WXlog/20100727 Summer PBL

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By late July in northeastern Colorado, insect populations have increased and many individuals have developed fairly large body sizes with distinctly oblate shapes. As a result, detectable radar echoes in the planetary boundary layer (PBL) are often observed out to ranges of ~100 km. The S-band Zdr values returned from typical afternoon "clear air" echoes in the boundary layer can become very positive (often > +9 dB) due to the insects' flattened shapes. These characteristics are shown in the example images below. At the time of this PPI scan, rain showers were in progress over Boulder County (~60 km SW of CHILL). The less oblate raindrop shapes vs. the insect shapes give less positive Zdr levels in the showers. Also, the H to V signal return correlation coefficient (rhoHV) is consistently higher in the rain than in the insect regime. The high variability among the airborne insect body shapes and orientations probably accounts for the correlation reduction. Finally, outflow from the Boulder County rain showers locally alters the large scale northerly flow shown by the radial velocity pattern in the boundary later.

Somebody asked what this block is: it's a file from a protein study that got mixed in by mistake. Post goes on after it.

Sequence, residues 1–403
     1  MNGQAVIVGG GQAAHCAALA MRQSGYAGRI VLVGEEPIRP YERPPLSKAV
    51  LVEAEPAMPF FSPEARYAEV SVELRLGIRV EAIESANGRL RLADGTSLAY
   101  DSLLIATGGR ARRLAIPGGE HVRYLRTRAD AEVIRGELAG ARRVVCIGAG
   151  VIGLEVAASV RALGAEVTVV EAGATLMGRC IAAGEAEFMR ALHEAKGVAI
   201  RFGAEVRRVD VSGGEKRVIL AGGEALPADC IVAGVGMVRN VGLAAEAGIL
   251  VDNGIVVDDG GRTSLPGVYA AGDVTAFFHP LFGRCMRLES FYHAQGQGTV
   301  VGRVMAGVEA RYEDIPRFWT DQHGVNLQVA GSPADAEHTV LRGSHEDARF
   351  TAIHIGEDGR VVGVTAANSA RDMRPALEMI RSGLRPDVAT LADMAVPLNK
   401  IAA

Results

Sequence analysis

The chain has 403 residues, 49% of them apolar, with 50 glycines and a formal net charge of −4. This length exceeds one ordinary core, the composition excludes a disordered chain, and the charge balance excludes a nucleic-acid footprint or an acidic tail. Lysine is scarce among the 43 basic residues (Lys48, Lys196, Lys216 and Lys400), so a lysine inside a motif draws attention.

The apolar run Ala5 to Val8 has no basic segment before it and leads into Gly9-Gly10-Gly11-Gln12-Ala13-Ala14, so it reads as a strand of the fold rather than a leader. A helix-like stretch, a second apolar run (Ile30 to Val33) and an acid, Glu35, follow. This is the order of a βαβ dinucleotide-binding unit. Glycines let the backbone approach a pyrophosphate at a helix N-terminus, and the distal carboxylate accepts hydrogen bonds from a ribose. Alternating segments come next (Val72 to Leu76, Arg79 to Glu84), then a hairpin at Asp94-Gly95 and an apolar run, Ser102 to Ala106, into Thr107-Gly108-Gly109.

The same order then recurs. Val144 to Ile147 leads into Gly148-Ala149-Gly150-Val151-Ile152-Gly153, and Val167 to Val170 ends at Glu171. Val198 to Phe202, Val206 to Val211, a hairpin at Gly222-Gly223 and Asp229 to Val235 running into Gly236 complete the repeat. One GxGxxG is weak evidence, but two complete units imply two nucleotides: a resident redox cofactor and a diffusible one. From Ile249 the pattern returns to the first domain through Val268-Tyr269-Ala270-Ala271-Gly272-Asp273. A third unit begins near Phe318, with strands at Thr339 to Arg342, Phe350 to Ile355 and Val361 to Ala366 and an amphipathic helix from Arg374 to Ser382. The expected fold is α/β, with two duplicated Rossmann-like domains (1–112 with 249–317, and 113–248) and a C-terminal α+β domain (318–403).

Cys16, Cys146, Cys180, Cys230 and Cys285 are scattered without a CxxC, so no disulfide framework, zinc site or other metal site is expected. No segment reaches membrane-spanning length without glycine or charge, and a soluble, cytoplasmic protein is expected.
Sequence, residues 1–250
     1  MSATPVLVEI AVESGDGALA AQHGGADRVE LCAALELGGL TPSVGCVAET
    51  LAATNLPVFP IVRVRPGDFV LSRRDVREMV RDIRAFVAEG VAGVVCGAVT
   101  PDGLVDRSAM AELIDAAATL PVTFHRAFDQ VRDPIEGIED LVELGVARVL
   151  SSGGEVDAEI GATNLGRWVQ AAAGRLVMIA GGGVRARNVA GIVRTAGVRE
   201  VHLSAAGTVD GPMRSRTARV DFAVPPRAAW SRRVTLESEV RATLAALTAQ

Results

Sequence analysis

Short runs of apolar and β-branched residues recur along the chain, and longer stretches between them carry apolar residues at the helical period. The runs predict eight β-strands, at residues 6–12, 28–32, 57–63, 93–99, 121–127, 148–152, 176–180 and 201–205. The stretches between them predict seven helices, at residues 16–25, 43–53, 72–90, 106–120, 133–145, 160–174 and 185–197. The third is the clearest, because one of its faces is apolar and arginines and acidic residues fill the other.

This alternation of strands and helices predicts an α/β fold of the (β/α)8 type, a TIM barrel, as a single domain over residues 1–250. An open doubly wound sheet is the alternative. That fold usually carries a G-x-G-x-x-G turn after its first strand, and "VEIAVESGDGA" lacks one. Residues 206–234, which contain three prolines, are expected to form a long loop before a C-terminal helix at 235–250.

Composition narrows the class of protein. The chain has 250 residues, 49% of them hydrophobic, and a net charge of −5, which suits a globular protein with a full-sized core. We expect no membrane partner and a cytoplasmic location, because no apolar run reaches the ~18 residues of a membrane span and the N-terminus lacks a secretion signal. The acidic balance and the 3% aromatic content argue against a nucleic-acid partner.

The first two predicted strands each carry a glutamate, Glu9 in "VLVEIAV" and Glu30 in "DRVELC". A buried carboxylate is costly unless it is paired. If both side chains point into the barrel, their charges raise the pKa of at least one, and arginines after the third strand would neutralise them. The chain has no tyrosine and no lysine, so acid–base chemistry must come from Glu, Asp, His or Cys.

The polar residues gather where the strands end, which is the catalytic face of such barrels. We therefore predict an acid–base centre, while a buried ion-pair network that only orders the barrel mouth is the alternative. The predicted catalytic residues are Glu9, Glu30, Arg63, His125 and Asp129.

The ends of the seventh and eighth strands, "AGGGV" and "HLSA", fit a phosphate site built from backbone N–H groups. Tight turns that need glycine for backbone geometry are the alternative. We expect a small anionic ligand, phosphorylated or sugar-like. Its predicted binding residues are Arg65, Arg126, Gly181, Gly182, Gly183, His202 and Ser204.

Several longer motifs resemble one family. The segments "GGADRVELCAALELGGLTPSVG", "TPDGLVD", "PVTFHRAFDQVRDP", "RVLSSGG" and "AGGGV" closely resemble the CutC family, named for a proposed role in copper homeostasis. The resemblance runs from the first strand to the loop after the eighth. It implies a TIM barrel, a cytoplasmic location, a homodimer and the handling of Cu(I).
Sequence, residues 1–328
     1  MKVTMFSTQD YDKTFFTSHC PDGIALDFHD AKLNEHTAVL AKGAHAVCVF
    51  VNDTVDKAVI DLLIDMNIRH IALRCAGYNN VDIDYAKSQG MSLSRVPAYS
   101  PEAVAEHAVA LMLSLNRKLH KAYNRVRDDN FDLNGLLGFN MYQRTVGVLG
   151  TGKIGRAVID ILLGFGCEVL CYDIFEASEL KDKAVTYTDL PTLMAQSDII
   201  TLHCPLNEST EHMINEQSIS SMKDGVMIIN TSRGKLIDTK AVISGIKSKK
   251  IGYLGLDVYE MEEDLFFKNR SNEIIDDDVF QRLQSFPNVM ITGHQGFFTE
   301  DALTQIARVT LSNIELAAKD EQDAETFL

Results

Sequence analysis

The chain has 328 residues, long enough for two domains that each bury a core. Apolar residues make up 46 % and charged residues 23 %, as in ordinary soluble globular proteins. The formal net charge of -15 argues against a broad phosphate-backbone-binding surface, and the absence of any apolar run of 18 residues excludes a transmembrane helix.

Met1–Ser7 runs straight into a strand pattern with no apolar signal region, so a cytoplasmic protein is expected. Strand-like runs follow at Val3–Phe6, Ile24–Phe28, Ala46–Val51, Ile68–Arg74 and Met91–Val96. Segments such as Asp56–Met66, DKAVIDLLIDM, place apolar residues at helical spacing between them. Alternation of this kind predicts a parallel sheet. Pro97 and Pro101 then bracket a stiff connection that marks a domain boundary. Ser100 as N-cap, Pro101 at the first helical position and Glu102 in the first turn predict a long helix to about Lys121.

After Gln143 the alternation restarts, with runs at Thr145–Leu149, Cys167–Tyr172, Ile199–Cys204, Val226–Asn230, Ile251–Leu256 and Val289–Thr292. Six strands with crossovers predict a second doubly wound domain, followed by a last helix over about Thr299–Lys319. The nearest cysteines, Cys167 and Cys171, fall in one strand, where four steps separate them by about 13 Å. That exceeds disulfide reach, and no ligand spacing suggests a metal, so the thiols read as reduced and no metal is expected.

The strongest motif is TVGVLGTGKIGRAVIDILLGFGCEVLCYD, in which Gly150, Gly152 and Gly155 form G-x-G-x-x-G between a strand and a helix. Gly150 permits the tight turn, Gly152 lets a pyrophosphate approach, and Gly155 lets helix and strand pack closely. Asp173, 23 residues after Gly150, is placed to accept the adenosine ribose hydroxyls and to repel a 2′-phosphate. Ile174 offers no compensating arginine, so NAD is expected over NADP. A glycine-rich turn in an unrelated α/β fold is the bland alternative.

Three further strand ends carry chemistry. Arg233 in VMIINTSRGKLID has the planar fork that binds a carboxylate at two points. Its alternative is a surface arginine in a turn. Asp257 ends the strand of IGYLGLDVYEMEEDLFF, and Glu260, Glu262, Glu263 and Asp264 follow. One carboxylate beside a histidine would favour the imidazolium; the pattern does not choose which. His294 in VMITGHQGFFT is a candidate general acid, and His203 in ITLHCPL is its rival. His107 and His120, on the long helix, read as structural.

27jul2010 summer PBL z.png


27jul2010 summer PBL zdr.png


27jul2010 summer PBL rho.png


27jul2010 summer PBL v.png